The video materials used were Grapevine Video 1, which consists of eight comedy sketches covering basic grammar patterns and functions. Both groups had the same instructor and followed the same curriculum, with the exception of the supplemental video component, and the same evaluation through tests and

assignments. An identical questionnaire was distributed to the 120 students at the end of the term.



The second study conducted by Chwo, Jonas, Tsai1 &Chuang (2010) about adopting supplementary materials to enhance listening and speaking strategy use by Taiwanese college EFL learners, two groups were established for the purpose of this study, experimental groups and control groups. Both groups had an instructor who coordinated their teaching. The classes were held throughout the semester.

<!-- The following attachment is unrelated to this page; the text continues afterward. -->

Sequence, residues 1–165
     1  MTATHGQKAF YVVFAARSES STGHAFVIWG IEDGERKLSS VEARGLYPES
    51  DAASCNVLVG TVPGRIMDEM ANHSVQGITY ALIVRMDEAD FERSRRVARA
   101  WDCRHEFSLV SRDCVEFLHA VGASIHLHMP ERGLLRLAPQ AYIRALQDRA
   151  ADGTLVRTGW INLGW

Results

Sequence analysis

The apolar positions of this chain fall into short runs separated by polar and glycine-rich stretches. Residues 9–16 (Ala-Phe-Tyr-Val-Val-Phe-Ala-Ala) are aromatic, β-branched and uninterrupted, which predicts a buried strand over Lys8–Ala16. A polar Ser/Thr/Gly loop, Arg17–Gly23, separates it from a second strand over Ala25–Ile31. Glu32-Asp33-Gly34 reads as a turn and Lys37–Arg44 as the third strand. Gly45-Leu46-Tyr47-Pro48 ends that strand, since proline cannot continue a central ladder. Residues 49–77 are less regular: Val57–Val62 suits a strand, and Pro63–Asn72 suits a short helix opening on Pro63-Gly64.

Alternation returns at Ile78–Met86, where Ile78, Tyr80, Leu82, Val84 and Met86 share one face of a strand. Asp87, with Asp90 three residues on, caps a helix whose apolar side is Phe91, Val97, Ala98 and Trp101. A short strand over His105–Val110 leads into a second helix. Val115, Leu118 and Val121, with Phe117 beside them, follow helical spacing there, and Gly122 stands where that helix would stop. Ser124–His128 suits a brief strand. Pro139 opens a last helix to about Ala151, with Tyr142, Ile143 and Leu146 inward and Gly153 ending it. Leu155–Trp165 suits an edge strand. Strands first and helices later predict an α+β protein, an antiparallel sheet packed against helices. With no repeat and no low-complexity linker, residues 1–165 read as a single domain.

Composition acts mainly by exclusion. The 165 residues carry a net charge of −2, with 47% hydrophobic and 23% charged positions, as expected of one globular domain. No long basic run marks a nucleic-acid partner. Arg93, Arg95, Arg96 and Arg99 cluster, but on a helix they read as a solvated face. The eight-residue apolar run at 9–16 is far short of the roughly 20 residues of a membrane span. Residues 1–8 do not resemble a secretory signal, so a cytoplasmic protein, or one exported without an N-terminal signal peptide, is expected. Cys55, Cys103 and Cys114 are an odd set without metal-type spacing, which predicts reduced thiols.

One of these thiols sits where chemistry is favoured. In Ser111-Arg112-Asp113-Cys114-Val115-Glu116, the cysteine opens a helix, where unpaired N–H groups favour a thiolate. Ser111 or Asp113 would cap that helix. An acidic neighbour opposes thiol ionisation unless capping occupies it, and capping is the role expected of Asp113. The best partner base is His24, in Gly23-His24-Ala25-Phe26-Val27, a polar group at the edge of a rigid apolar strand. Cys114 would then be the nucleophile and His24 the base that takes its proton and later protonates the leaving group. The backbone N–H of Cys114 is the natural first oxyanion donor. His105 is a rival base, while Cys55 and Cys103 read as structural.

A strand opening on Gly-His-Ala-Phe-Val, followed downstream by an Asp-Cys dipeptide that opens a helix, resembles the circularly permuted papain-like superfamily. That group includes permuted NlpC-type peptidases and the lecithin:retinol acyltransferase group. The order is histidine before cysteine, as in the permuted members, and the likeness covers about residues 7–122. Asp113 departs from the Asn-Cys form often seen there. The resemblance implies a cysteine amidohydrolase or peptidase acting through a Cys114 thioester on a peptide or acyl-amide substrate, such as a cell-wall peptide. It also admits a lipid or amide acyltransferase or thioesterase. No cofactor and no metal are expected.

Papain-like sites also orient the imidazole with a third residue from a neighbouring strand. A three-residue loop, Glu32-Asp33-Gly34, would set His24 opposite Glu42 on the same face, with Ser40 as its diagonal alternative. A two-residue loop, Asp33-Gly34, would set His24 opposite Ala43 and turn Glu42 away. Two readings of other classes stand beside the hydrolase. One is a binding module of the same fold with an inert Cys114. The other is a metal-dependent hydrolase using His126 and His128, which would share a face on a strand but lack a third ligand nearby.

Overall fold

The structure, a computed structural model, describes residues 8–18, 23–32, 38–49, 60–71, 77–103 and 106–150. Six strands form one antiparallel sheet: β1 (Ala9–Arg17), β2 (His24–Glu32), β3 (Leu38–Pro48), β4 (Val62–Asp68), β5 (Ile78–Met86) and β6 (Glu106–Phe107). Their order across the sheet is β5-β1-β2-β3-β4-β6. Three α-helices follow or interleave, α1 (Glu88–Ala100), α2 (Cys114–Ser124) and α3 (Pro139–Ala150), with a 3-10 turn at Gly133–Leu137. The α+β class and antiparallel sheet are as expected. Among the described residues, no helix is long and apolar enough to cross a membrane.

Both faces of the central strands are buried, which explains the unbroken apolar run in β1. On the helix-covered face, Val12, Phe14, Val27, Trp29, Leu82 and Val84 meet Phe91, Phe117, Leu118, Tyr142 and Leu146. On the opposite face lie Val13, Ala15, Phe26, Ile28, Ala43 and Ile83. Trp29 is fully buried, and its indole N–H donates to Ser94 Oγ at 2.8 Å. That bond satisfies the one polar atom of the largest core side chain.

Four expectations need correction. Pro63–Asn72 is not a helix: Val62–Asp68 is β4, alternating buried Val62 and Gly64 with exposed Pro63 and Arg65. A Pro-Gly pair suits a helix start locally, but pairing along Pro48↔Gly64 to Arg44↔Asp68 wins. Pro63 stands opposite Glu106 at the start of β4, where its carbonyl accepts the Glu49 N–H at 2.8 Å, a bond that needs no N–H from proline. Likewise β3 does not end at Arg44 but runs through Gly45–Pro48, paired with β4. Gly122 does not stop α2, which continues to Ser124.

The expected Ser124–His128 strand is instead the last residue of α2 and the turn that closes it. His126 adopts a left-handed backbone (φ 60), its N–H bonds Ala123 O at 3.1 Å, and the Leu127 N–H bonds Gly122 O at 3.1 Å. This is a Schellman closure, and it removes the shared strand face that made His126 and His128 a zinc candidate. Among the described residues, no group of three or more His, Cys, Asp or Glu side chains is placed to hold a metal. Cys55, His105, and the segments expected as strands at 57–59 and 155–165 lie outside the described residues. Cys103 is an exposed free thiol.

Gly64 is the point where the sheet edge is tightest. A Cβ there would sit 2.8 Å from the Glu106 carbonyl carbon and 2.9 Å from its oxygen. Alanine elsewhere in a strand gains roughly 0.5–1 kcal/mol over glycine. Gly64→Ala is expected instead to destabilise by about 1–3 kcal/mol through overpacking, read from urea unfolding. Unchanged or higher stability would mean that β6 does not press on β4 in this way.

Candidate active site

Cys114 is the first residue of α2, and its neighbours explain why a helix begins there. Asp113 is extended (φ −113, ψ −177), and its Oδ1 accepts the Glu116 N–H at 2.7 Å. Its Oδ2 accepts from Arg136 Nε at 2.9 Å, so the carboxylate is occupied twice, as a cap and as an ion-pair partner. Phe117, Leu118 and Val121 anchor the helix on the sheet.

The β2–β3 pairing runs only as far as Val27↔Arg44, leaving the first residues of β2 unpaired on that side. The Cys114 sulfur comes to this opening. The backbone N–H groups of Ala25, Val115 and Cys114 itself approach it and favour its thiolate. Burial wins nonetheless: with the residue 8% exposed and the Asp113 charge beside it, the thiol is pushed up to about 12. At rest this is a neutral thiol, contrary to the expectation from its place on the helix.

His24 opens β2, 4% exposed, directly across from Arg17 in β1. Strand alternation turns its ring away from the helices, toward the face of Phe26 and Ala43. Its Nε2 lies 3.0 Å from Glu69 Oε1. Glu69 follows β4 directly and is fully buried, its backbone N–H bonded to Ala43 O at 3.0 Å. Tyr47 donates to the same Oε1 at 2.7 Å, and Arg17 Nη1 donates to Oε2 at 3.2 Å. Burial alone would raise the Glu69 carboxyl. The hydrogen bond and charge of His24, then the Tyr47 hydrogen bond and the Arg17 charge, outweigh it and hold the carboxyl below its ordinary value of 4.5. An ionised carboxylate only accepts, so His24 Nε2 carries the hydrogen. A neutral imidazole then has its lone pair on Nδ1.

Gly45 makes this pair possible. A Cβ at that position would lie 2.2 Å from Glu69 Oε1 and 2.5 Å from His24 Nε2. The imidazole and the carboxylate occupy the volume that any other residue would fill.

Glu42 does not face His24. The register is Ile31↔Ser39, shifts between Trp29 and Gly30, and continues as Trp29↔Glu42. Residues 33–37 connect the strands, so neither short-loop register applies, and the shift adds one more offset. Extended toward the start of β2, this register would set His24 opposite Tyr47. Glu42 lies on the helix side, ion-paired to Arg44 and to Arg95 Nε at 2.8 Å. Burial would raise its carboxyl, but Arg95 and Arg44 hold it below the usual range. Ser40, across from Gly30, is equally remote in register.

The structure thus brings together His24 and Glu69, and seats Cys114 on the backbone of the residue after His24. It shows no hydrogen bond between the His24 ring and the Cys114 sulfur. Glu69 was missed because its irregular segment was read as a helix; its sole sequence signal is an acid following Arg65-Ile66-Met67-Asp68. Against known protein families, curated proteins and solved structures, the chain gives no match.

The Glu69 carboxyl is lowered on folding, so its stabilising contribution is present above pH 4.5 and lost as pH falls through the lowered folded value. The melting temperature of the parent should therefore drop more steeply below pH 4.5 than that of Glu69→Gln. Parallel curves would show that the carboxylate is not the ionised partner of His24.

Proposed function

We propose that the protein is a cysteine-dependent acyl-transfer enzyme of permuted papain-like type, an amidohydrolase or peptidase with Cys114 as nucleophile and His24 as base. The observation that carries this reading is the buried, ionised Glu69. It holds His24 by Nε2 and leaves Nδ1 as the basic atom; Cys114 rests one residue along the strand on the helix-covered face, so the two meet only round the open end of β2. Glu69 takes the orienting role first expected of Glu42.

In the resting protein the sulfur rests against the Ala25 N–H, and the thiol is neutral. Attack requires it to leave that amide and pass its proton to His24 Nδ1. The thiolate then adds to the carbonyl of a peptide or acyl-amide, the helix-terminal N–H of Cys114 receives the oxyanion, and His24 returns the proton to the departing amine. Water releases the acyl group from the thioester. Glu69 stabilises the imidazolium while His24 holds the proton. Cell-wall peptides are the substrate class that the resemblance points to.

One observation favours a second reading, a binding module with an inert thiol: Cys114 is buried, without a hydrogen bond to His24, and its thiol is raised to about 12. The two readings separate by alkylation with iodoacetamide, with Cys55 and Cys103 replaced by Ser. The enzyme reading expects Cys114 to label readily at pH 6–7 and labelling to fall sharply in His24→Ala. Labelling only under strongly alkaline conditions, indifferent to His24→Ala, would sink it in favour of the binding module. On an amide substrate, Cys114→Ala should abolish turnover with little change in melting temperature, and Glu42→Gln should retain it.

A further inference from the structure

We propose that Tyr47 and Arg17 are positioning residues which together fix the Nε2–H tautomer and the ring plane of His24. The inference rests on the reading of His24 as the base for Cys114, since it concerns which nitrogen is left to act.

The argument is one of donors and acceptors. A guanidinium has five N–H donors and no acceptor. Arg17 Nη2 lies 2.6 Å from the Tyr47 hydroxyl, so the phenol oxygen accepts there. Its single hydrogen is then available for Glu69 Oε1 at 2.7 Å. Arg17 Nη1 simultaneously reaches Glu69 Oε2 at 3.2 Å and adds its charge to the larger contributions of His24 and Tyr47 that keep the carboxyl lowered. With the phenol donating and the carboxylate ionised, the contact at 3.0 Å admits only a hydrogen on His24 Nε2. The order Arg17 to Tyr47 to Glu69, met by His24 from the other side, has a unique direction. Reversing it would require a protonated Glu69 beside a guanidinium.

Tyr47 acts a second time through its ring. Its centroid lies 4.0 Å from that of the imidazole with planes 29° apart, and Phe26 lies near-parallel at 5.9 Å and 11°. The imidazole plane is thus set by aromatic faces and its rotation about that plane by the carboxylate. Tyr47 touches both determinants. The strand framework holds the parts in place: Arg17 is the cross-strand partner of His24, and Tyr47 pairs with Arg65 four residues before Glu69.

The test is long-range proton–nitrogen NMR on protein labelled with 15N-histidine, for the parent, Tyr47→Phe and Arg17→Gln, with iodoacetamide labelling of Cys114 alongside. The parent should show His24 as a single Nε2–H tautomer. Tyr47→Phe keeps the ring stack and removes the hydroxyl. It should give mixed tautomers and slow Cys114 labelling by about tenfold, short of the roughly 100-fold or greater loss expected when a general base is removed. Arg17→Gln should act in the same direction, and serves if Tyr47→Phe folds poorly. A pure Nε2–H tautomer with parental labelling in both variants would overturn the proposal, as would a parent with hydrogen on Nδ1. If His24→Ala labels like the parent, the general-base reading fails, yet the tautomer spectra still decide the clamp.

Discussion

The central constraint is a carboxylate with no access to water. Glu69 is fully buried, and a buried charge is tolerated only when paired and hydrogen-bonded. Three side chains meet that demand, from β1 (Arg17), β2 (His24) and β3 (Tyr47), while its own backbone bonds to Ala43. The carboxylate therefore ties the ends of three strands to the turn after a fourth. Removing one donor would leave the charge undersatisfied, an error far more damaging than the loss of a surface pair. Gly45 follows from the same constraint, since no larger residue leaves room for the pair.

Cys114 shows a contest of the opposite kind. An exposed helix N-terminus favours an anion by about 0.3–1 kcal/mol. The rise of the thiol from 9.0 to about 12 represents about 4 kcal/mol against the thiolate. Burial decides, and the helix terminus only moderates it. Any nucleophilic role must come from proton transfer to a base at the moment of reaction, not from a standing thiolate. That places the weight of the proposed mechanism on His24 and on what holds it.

A standard syllabus was used for listening and speaking classes. Data were collected via three instruments: (1) pre and post Chinese versions of Oxford’s Strategy Inventory for Language Learning (Yang, 1992), (2) pre and post tests from both groups, and (3) quizzes from EG. T-test was used to analyze the data. The main mode of teaching was promoting teaching via modeling and practice in order to listening and speaking proficiency. Each unit lesson was also followed by a quiz to evaluate the learning result.